Beyond "Let It Go"
Start writing a post
Entertainment

Beyond "Let It Go"

Little girls love to dress up like the Disney ice queen, but are they getting the right message?

15
Beyond "Let It Go"

Earlier this summer, I did a stint as a counselor at a day camp for preschoolers, which was half hard physical labor and half paid entertainment. I noticed that many of the little girls came to camp dressed in "Frozen"shirts and backpacks. Almost two years after the release of the hit Disney movie, its popularity hasn't slowed down much, at least not with kids. When "Let It Go" came on the radio, the lunch table erupted into a heated argument over the movie. "Be quiet!" one girl hollered. "I need to hear Elsa!"

I'm not embarrassed to admit that I loved "Frozen"when I saw it in theaters, and I still love it now. I grew up on a steady diet of Disney musicals: my brother and I used to bond by singing off-key duets from "Mulan"and "The Lion King," and the film gave us a whole new set of catchy tunes to belt out. I was especially captivated by Elsa, the queen whose hidden powers plunge her kingdom into an endless winter—and I quickly found I wasn't alone. Although Anna is ostensibly the heroine of "Frozen," Elsa is blazoned on every piece of merchandise, her ice dress covered in sparkles and a carefree, confident smile on her face. When I ask adults why they like Elsa, I tend to get similar responses: she's independent and in control of her fate, a good role model for young girls, unlike Disney princesses before her who lived only to find true love. Inone YouTube videowith almost a million hits, she leads the other princesses in an empowering musical number, declaring, "Why keep on assuming men will save the day? I can be the hero and do it my own way!"

There's just one problem: this character doesn't actually exist.

In the movie itself, Elsa is an anxious wreck who uses her cold, aloof demeanor as a defense mechanism to hide her crippling fear and insecurity. She spends most of the movie running away from her problems, isolating herself from her kingdom and her sister because she thinks they're better off without her. She might not need a prince to sweep her off her feet, but she doesneed her sister to save her: from the villain's attempt on her life, yes, but mostly from her own despair. This is a complex, sympathetic character, but hardly strong or independent in the traditional sense. I was drawn more to her weaknesses than to her strengths, because they made her real. Most of all, I related to her. As an introvert with an anxiety disorder, I never saw myself reflected in the spunky, headstrong heroines of my childhood movies. A Disney princess (or queen) who panicked, who shut others out and who needed the support of her family to learn to love herself, would have meant the world to me growing up.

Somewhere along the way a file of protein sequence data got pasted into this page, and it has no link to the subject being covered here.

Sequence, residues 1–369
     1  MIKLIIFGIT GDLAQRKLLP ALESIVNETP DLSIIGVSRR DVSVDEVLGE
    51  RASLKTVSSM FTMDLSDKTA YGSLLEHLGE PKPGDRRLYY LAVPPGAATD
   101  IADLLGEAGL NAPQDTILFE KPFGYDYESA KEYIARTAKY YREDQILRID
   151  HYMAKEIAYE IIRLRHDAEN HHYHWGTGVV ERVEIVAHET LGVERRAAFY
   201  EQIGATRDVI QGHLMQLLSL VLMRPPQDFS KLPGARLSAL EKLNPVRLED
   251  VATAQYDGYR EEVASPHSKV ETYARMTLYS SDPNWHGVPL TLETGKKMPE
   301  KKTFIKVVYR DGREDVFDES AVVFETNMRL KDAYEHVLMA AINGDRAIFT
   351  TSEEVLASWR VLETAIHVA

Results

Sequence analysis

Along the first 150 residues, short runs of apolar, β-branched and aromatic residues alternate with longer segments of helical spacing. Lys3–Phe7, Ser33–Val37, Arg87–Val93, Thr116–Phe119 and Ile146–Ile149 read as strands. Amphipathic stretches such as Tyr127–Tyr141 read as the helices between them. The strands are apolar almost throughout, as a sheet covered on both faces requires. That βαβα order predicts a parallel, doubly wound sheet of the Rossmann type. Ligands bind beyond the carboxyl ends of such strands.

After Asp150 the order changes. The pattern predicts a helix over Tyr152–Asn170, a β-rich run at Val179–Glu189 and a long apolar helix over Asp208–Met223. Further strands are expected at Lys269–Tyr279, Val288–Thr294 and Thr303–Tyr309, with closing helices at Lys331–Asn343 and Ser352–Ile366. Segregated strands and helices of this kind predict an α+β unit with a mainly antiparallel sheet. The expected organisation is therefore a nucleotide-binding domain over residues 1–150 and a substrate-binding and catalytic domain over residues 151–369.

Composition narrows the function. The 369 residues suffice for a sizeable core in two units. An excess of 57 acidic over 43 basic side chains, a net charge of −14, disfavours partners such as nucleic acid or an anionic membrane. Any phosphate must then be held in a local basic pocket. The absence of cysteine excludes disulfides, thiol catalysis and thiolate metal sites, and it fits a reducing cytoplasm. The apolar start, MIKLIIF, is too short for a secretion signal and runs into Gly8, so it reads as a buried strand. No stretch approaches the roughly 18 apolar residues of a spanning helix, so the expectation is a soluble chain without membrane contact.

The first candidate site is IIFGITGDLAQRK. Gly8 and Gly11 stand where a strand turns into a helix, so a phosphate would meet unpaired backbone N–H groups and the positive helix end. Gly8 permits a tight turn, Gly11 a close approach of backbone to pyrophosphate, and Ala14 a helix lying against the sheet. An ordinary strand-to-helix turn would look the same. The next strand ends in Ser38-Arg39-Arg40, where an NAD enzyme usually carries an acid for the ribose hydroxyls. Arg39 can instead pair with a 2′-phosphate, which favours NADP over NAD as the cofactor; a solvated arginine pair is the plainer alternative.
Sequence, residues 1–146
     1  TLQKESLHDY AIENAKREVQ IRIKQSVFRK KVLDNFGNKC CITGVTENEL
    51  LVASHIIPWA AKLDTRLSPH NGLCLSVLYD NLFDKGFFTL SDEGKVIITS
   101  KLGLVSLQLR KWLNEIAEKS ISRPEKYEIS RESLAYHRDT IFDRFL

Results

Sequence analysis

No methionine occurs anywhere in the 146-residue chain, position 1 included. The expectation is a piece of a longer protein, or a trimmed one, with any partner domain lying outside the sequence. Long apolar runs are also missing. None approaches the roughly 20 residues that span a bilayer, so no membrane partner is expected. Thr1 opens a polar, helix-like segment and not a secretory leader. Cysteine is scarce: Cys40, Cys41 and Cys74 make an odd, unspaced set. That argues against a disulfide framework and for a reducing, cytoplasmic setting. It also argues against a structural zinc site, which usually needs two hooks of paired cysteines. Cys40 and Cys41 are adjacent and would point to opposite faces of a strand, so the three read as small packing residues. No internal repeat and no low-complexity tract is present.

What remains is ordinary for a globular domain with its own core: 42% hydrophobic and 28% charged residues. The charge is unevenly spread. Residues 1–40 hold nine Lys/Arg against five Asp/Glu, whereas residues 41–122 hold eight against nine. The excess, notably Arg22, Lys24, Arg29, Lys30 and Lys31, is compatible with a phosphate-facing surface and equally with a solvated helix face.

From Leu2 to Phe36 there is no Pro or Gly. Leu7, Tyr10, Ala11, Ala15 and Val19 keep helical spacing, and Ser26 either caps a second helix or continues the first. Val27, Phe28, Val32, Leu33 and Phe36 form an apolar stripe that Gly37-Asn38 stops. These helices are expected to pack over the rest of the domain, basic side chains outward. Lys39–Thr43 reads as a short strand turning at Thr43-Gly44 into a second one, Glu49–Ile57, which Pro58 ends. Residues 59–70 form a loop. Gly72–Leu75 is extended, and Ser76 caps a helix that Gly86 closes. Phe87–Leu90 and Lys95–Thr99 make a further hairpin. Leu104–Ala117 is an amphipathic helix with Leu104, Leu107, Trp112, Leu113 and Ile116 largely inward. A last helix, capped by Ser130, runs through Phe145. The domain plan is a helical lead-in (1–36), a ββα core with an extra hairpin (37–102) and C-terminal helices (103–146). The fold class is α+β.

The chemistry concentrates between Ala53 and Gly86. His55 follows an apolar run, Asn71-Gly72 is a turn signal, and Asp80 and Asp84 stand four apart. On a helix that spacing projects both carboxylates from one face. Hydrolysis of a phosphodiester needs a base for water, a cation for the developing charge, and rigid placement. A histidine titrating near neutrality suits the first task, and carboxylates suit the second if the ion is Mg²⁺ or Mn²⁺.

I would guess that media and advertising portray Elsa as a powerful, self-assured ice queen because female characters are expected to be "strong" in a homogeneous and easily definable way, which involves being tough and competent, not depending on anyone, and preferably being able to throw a punch. This pressure is especially strong in media geared toward children, where female characters are seen as role models for young girls. But characters, male or female, don't have to be role models. We don't even need to like them. It's most important for them to be compelling and believable—and that means having flaws as well as virtues. For that matter, it's time we stopped equating "Has no love interest" with "Strong and independent." Anna is often seen as the weaker of the sisters, but her romantic nature and interest in boys don't cancel out her courage and determination.